Gemini Observatory | 2019 Aug 29
n an unprecedented feat, an American research team discovered hidden secrets of an elusive exoplanet using a powerful new instrument at the 8-meter Gemini North telescope on Maunakea in Hawai‘i. The findings not only classify a Jupiter-sized exoplanet in a close binary star system, but also conclusively demonstrate, for the first time, which star the planet orbits.Artist's conception of the Kepler-13AB binary star system as revealed by observations
including the new Gemini Observatory data. The two stars (A and B) are large, massive
bluish stars (center) with the transiting "hot Jupiter" (Kepler-13b) in the foreground
(left corner). Star B and its low mass red dwarf companion star are seen in the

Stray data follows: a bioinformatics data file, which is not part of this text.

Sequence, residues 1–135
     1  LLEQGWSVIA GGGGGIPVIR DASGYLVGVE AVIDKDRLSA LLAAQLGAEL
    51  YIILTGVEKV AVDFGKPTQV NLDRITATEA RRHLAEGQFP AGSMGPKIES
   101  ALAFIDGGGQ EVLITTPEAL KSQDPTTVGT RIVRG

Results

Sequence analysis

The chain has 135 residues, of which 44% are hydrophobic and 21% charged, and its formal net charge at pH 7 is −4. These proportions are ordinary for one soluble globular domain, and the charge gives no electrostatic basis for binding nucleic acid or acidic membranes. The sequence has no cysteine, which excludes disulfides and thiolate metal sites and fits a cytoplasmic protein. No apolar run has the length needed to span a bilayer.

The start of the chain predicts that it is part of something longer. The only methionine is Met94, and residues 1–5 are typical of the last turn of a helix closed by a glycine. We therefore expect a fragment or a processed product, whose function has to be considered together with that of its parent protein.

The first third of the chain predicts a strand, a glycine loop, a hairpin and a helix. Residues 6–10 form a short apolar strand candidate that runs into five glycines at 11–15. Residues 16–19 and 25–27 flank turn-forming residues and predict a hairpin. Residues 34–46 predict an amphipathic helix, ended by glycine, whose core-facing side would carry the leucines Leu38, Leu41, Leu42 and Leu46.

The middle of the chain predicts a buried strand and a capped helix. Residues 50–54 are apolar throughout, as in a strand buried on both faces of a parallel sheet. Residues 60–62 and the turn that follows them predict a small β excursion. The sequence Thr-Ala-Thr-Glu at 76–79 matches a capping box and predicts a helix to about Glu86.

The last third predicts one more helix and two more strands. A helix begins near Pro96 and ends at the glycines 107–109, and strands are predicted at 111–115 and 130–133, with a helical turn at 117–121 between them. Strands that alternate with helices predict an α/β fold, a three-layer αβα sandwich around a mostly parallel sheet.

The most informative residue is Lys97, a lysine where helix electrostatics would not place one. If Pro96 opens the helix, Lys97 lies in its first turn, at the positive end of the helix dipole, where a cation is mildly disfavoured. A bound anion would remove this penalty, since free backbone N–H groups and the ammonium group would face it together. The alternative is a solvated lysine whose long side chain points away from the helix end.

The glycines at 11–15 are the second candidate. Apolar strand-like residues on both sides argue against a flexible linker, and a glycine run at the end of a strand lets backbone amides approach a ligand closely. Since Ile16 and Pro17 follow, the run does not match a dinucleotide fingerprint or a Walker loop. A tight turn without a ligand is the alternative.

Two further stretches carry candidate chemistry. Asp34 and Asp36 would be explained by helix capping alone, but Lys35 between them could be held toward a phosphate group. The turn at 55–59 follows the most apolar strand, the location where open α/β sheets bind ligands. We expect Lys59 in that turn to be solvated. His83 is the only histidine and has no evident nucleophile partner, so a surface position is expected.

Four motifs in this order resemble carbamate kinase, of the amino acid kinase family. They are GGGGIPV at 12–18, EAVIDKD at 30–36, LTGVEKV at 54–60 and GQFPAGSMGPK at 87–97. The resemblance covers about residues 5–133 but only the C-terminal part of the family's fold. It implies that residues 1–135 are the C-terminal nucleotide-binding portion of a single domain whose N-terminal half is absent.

background to the right. Credit: Gemini Observatory/NSF/AURA/Joy Pollard
The breakthrough occurred when Steve B. Howell of the NASA Ames Research Center and his team used a high-resolution imaging instrument of their design — named ‘Alopeke (a contemporary Hawaiian word for Fox). The team observed exoplanet Kepler-13b as it passed in front of (transited) one of the stars in the Kepler-13AB binary star system some 2,000 light years distant. Prior to this attempt, the true nature of the exoplanet was a mystery.
“There was confusion over Kepler-13b: was it a low-mass star or a hot Jupiter-like world? So we devised an experiment using the sly instrument ‘Alopeke,” Howell said. ... "We monitored both stars, Kepler A and Kepler B, simultaneously while looking for any changes in brightness during the planet’s transit,” Howell explained. “To our pleasure, we not only solved the mystery, but also opened a window into a new era of exoplanet research.” ...
High-Resolution Imaging Transit Photometry of Kepler-13AB ~ Steve B. Howell et al
- Astronomical Journal 158(3):113 (2019 Sep) DOI: 10.3847/1538-3881/ab2f7b